Day 2, Sopore
After leaving Bijbehara, we are on our way to Sopore where we are supposed to put up for the next 2 nights. On the way I get the first sight of the ruins of Kashmiri Pundits’ houses! Half burnt, broken and shattered, more a haphazard arrangement of bricks rather than buildings, once used to be the shelters for families; those three-four storeyed buildings now look depressing and abandoned.
Overnight families were wiped off; the rest ran away to save themselves and their dependents. Those days appear like visuals in front of my eyes. Thoughts of what they must have gone through make me shudder. A strange melancholy sets in and I keep quiet, trying to engage myself with the view of breath-taking surroundings that unfold with every turn of the wheel. And yet, a voice inside wonders, whether all these trees and mountains could speak and tell me the stories of the bygone times! They seem to be the last and living witnesses of the atrocities, more than a part of the beautiful nature here.
I have had friends. Be it Hindu, Muslim, Sikhs or Christians. I never really had any strong religious views but somehow these images of shattered houses make me think! I have questions. And I’m not sure who has the answers. I look out trying to divert my mind and enjoy the beauty of the valley!
The sun is on its way downwards painting the sky with diverse colours. Passing through the green tunnels with Chinar on sides, clear blue sky and the changing colours of the setting sun makes the moment picturesque! A reality check is always there with army guarding everywhere. Every 100 metres there’s one army patrolling.
We are late. Sopore being a sensitive area, Bajee is rushing through to reach his friend, Hamid uncle’s house as soon as possible. Two days back mobile towers were blown up in Sopore and I can feel the tension everywhere. Hamid uncle keeps calling to know where we have reached. As we enter Sopore town, we are hit by the traffic jam. By now it is dark and Hamid uncle is tensed; the frequency of his calls has gone up. Stuck in the traffic, I look outside. Boys, middle aged and old men are all passing by, smiling, giggling, bursting crackers and in the mood of festivity. After all it this is the period of Eid!
Suddenly Bajee says there is stone pelting going on and that’s why the traffic. I panic! Now calls from Hamid uncle have started making me nervous. In a way I start thinking, it is a blessing that I don’t understand Kashmiri else I don’t know what all they must be discussing! Reading my mind Arun says that someone was just joking outside. I breathe relief. Bajee & Arun start laughing. Anyway, slowly as we move, Hamid uncle comes along with two of his friends and directs us to his place. Mehak, Hamid uncle’s daughter, has been waiting for us. We hug each other and I walk up to greet Rosie Aunty. Though it is my first time in Kashmir and my first meeting with Aunty, it feel I have known her for long! As we settle down, one of Mehak’s uncles comes by to see us. Bajee has a pustule which has started oozing and Mehak’s uncle sits there cleaning the wound and dressing it up. After a while Bajee starts chatting with Hamid uncle. That’s when I am told that actually stone pelting of a police van was going on and the sounds of crackers were that of tear gas! Stunned as I hear that but too tired to even react, I wrap up the night early.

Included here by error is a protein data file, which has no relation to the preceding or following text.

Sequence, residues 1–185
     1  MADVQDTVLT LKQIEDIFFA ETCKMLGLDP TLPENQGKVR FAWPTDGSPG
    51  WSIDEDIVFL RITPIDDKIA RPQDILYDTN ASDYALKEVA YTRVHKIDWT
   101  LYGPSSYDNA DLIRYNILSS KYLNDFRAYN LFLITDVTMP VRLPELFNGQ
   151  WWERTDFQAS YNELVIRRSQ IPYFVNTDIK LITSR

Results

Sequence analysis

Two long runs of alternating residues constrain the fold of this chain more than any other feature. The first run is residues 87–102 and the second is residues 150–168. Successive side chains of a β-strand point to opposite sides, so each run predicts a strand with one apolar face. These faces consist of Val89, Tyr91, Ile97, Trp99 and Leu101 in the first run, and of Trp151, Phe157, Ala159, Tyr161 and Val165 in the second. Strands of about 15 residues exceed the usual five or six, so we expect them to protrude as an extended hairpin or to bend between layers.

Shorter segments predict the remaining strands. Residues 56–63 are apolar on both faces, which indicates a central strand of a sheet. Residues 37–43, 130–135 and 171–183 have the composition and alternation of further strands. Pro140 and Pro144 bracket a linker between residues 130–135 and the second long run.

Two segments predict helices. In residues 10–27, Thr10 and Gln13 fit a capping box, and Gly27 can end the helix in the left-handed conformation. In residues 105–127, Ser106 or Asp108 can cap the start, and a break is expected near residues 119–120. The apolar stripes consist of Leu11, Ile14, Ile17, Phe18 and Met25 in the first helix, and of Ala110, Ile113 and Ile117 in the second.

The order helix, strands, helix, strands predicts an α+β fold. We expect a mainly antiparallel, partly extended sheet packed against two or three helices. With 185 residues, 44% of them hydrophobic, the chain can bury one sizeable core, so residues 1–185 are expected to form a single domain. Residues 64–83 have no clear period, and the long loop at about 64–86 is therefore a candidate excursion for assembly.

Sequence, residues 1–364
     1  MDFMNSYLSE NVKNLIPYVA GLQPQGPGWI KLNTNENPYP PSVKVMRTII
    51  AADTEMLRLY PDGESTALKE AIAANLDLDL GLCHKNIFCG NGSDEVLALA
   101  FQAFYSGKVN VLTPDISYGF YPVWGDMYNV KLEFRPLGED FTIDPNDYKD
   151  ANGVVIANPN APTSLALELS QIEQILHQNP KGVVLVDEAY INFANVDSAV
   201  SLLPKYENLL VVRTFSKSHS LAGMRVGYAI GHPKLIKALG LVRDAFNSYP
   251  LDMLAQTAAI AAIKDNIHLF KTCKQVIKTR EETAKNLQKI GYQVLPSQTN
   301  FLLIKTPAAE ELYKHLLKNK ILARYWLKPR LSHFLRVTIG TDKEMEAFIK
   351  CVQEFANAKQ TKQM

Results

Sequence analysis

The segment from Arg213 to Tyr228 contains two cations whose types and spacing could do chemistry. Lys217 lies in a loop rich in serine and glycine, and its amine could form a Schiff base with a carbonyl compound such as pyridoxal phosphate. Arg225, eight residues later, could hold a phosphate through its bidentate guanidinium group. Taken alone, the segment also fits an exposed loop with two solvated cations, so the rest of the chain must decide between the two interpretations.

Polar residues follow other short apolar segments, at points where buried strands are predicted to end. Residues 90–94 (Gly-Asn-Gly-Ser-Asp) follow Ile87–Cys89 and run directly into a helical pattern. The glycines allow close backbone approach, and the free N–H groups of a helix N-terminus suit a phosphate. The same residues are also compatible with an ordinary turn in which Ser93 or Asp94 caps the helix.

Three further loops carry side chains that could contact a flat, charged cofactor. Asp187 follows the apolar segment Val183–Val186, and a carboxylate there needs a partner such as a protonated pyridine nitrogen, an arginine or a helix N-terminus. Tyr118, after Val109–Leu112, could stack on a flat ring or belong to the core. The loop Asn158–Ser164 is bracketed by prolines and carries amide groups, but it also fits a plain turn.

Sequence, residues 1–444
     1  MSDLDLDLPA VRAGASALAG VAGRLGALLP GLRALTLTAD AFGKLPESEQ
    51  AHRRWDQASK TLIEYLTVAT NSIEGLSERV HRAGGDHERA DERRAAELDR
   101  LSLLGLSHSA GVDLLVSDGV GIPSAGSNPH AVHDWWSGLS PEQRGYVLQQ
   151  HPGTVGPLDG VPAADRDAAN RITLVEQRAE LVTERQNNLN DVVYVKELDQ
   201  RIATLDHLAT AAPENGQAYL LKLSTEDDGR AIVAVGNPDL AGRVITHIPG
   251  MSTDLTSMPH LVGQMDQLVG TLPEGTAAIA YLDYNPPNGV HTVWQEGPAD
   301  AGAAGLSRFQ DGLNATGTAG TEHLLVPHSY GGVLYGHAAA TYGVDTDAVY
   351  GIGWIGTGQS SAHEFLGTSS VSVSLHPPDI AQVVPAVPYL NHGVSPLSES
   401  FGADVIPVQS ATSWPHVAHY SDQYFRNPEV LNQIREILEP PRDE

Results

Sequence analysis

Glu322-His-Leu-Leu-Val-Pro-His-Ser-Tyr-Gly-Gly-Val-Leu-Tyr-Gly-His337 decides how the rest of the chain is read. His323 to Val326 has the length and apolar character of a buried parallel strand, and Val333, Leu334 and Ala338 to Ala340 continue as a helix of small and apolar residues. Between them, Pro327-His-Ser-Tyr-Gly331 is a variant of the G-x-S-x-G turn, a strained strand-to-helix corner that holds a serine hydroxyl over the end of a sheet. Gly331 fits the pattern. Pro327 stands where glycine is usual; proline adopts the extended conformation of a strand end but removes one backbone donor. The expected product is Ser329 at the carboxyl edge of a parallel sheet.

Day 3, Sopore
This morning Arun leaves for work; we get ready early and Mehak comes along with us. As we start our journey towards Kupwara, I am in awe of the nature. We cross rice fields, apple orchards, snow-capped mountains and I wish for a never ending road journey.
After we reach our destination, Mehak and I chitchat happily like school girls enjoying the nature trip while hubby dear gets busy with his lists of to-do. Bajee too join us and the day seems to get over in no time! As we reach home, we are greeted by Mehak’s sisters and cousins. We go out again for a stroll to the bank of Jhelum. We stand by the mesmerizing beauty for a while and then head for home.
In the evening Hamid uncle lays out the Wazwaan for me. Typically served in silver utensils, there are eight types of mutton dishes spread on the table, which I am told is the minimum number to offer! The food tastes like heaven!
Next day we plan to visit the Lolab Valley, post Arun’s work.